This brings us back to another old rule: Know more than you show. That backstory is ludicrous! Thankfully, none of this made it into the movie. As with Us, it’s better if you don’t think about it that much. It’s good that Peele is thinking about it, but he knows better than to share it, unless you listen to the commentary (and even then, he spares us that second commentary.)

Know More Than You Show, Conclusion: Theme

You’ve probably heard before that you should withhold elements of the plot and backstory, but it’s not often pointed out that you should also play keep-away with your theme.

I’ve mentioned before that I disagree with the oft-repeated advice that you should have a wise statement of philosophy on page five.  If you’ve done that, you should delete the scene, and maybe replace it with a misguided statement of philosophy that will get replaced much later, shortly before the climax.  I’ve also talked about how, if you have a character who asks the thematic question early on, then it’s good to interrupt them before they can get an answer, because the story itself should be the answer.

As with character and plot, this is hard to do.  You’ve got something to say, and now you want to say it …but you have to stop yourself.  You don’t actually want your audience to hear it, you want them to feel it.  And they’ll only feel it if they’ve been allowed to draw their own conclusions.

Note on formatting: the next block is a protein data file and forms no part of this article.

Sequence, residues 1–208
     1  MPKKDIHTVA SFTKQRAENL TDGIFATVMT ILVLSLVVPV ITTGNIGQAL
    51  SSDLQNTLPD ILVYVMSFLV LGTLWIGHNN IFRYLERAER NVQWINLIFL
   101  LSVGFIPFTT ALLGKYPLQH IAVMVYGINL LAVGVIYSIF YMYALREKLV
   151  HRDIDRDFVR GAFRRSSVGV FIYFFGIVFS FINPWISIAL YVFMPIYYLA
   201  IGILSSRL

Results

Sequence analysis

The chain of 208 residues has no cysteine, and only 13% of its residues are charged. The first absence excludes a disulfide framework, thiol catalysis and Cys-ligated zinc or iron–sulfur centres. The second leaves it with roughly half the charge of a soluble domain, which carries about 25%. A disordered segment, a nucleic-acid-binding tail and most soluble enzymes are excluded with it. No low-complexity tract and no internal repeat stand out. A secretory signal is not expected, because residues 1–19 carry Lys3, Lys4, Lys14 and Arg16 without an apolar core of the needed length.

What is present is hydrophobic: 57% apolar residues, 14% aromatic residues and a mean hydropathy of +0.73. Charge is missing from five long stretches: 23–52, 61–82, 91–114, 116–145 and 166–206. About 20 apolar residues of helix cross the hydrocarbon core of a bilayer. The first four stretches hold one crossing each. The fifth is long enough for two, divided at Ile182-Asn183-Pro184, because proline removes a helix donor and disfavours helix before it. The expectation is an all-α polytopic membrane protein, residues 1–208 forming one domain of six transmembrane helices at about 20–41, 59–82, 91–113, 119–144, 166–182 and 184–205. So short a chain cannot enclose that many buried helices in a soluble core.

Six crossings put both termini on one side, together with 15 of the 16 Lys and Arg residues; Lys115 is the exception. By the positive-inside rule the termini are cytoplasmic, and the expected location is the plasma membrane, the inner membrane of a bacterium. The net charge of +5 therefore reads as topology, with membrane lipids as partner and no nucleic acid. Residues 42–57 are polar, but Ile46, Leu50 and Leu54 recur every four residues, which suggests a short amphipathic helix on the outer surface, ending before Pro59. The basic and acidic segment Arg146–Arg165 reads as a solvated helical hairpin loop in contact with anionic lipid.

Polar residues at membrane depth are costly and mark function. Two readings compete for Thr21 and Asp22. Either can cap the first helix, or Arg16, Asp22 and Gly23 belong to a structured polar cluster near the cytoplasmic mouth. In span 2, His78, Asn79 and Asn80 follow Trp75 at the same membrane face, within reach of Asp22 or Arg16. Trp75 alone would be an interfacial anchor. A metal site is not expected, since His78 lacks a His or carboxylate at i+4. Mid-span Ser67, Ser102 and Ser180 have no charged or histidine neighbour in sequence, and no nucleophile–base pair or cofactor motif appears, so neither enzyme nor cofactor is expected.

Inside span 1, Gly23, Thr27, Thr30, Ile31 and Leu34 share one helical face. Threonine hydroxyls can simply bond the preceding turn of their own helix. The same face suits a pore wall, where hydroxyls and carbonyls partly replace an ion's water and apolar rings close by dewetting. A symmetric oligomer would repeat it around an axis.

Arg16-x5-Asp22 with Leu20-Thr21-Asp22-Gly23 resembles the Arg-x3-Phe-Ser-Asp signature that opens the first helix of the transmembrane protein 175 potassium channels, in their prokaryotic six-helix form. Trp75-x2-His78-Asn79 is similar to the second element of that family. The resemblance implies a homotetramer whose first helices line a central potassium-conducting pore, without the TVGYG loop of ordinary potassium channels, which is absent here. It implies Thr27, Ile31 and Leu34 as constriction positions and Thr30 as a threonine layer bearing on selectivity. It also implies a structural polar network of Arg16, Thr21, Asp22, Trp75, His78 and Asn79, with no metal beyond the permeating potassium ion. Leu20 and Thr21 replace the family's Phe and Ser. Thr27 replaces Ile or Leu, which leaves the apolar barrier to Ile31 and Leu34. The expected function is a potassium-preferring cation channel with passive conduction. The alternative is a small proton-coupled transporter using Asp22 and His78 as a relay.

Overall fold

The meaning of a movie is created not by the composition of the shot but by the opposition of the cut. It’s no accident that the inventor of most powerful cinematic cutting techniques, Sergei Eisenstein, was such a fan of Georg Hegel, who believed that new ideas could only emerge from the collision of old ideas.  Eisenstein knew that butting two contrasting images against each other created more meaning than any one shot could on its own.

It’s tempting to process your own conflict and then present your audience with a finalized synthesis, because that way you can carefully control what their takeaway will be, but there’s no point, because they won’t care.  Instead, present them with a thesis and an antithesis, slam them against each other, and let your audience do the rest.  Force them to synthesize it, even if that means that they might reach a different conclusion than you would.

What were Shakespeare’s politics? Did he agree with Brutus or Marc Antony?  Prince Hal or Falstaff?  No one knows.  His plays are filled with huge ideological conflicts but few definitive statements.  He gives us a thesis and antithesis and leaves the synthesis to us.  That’s why he’s immortal.